I tend to read quite a bit and normally have a few books on the go at any one time. I had a friend e-mail me a link to an article about an upcoming book called the Buyside by a fellow called Turney Duff. My friend said they thought the subject matter would be right up my street sort of thing. I then waited for a day or two until it became available on Kindle and then I downloaded the book.
The thing about the finance business is that people tend to forget that like pretty much any other business it is in fact about people. Sure, we have algorithms working their automated magic on stock trading and information travels at the speed of a nanosecond, but the reality is that behind everything there is still a human being, thinking about how to rig Libor and/or whose turn was it to pick up the kids from school that day.
It’s all human interaction. All about our wants and desires and what others think of us. We bring our emotional baggage and insecurities to work and in the finance biz there’s a big, big pile of that. Firstly the business attracts its fair share of people with rather a slim hold on ethics and a poor relation to empathy. Secondly, it also attracts people that are highly talented, motivated and all around good eggs, and then it places a massive amount of stress on them over a prolonged amount of time. Some end up walking away, some crack, some get corrupted and some somehow survive.
Too often finance stories are much like the finance business itself a bit of a façade. You are always left wanting something a bit deeper. As a reader you want to have a bit of a gander in to the soul of the characters, see what makes them flinch and see the whole duality of man, the ying yang thingy, in action. From showroom shiny new car to wrapped around a tree insurance write off.
This is what Buyside does. It begins as a decent Wall Street story, the hook for the book is that Mr. Duff worked as a trader for the infamous Galleon Group, the hedge fund run by Mr. Raj Rajaratnam. As anyone who follows the finance world knows Mr. Rajaratnam is now in a place were you want to make sure you don’t drop the soap in the shower. He’ll be paying attention to his soap usage until 2021.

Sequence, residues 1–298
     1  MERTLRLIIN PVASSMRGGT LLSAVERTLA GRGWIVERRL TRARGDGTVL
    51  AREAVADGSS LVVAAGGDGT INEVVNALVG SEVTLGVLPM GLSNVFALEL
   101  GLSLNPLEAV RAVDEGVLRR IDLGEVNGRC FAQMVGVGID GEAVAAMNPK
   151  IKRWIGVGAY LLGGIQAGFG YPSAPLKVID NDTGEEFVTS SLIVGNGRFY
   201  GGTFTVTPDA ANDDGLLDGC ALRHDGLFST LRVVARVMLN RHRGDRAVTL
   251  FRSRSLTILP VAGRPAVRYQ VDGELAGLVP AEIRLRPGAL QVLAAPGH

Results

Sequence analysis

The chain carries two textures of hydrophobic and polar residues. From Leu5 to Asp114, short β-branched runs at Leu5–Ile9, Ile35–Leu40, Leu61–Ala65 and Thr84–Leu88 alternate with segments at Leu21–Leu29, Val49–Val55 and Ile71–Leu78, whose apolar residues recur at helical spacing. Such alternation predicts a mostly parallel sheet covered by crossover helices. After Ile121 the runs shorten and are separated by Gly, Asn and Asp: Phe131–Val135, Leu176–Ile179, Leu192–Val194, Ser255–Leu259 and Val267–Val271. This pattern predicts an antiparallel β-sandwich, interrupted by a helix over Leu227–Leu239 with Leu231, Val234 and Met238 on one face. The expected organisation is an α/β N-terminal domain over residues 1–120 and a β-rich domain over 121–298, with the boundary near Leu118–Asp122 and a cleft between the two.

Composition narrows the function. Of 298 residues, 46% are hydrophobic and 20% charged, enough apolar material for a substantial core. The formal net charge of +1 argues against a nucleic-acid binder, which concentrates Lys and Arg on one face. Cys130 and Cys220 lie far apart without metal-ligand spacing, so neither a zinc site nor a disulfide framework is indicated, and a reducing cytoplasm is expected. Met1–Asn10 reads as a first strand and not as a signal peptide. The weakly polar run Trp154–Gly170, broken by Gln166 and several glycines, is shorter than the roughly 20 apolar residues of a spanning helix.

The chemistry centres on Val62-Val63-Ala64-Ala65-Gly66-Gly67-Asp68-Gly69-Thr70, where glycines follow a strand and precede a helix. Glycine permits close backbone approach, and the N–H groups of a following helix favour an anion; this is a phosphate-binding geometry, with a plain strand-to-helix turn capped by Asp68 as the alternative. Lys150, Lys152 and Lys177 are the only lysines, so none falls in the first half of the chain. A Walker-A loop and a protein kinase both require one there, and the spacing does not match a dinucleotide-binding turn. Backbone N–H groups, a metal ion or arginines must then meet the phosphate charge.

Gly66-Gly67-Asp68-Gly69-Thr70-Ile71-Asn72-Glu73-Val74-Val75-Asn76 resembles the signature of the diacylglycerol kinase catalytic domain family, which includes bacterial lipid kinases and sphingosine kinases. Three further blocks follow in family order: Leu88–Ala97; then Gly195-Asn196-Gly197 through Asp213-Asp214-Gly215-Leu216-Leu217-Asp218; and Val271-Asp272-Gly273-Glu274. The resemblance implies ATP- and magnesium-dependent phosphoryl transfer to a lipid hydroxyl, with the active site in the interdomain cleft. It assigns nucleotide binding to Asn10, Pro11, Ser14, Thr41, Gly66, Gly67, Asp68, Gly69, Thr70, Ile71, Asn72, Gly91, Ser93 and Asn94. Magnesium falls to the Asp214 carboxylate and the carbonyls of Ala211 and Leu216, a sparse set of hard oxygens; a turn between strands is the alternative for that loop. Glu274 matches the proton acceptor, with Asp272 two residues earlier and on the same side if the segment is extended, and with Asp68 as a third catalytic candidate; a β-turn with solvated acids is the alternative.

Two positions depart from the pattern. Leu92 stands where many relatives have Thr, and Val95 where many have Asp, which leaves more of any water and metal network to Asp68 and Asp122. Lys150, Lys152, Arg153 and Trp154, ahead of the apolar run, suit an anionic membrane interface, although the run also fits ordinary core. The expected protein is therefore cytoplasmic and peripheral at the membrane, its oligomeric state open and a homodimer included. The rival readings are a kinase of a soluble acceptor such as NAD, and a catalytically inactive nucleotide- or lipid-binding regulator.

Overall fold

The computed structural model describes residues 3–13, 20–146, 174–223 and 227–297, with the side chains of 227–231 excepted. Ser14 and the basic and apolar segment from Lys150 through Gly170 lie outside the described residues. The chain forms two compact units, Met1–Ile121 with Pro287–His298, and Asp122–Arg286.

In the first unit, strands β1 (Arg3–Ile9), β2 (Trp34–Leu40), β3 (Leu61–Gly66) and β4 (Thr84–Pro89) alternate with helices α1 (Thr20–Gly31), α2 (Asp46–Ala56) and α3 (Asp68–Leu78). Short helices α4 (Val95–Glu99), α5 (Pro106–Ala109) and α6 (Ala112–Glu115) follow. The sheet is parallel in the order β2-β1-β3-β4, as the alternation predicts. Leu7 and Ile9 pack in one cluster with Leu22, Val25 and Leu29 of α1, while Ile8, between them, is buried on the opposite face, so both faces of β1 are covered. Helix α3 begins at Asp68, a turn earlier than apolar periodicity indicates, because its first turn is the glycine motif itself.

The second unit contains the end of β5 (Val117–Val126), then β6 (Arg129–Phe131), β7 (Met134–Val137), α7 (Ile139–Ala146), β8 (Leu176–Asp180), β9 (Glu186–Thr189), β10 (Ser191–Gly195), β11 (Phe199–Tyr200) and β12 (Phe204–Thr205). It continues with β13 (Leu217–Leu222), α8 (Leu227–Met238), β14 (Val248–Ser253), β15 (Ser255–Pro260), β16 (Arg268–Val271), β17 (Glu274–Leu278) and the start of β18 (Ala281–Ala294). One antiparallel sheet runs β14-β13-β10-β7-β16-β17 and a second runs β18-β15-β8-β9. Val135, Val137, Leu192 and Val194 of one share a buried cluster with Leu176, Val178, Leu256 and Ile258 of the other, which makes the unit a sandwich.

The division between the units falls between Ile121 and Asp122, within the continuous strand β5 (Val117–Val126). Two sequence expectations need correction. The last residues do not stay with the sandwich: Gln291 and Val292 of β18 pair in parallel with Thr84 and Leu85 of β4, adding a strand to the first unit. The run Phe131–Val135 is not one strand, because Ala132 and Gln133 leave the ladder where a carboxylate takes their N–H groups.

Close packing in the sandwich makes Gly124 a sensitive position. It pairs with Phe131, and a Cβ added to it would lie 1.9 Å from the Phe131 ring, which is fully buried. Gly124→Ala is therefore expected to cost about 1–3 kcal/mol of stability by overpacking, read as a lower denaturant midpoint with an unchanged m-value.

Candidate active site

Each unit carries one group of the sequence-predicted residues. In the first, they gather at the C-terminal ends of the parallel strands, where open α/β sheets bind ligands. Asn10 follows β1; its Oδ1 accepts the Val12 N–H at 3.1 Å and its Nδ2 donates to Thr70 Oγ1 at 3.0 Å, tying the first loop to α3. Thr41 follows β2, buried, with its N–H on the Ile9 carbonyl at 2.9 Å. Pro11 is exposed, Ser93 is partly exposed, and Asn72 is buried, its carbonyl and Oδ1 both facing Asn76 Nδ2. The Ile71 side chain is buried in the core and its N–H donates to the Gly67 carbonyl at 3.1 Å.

The book (without spoiling it) is much more. It really does evolve as you get further and further into it, and it does get intense. I mean really intense. Mr. Duff pulls you into his world in a way few other writers can and you get taken along for the trip. That doesn’t mean it’s a pleasant trip. So let me repeat myself and warn you: It gets intense. During the tough parts I found myself having to put the book down every now and then and take a moment, because the quality of the writing and the complete open honesty of the author was just a bit too much to handle. It speaks to you from a place that I believe everyone, regardless of background, can relate to, but would never ever want to go.
Simply put, without being over the top, I think it is a finance classic from the moment it rolled of the printing press.
If you want to be taken on a bit of a roller coaster outside of your comfort zone and you want to really understand the world of finance, particularly the people who work in it, then this is a book you need to read.
To buy the book I recommend you click right here.